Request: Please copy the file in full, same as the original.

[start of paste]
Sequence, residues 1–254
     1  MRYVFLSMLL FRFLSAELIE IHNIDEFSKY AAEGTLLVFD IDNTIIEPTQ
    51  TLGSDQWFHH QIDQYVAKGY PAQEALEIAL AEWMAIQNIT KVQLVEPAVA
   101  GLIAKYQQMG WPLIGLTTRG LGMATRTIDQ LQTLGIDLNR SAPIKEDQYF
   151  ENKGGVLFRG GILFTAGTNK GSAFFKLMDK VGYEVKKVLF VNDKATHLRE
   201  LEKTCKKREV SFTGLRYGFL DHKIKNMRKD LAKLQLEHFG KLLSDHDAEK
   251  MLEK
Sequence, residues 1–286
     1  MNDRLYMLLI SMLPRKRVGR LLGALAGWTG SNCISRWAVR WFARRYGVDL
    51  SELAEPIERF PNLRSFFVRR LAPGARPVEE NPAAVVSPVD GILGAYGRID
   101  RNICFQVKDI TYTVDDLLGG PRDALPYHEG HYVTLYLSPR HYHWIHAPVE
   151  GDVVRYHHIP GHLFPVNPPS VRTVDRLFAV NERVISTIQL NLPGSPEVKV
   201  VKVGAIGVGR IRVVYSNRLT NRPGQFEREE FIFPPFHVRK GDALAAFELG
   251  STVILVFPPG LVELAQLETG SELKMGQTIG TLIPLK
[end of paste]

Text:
Sequence, residues 1–254
     1  MRYVFLSMLL FRFLSAELIE IHNIDEFSKY AAEGTLLVFD IDNTIIEPTQ
    51  TLGSDQWFHH QIDQYVAKGY PAQEALEIAL AEWMAIQNIT KVQLVEPAVA
   101  GLIAKYQQMG WPLIGLTTRG LGMATRTIDQ LQTLGIDLNR SAPIKEDQYF
   151  ENKGGVLFRG GILFTAGTNK GSAFFKLMDK VGYEVKKVLF VNDKATHLRE
   201  LEKTCKKREV SFTGLRYGFL DHKIKNMRKD LAKLQLEHFG KLLSDHDAEK
   251  MLEK
Sequence, residues 1–286
     1  MNDRLYMLLI SMLPRKRVGR LLGALAGWTG SNCISRWAVR WFARRYGVDL
    51  SELAEPIERF PNLRSFFVRR LAPGARPVEE NPAAVVSPVD GILGAYGRID
   101  RNICFQVKDI TYTVDDLLGG PRDALPYHEG HYVTLYLSPR HYHWIHAPVE
   151  GDVVRYHHIP GHLFPVNPPS VRTVDRLFAV NERVISTIQL NLPGSPEVKV
   201  VKVGAIGVGR IRVVYSNRLT NRPGQFEREE FIFPPFHVRK GDALAAFELG
   251  STVILVFPPG LVELAQLETG SELKMGQTIG TLIPLK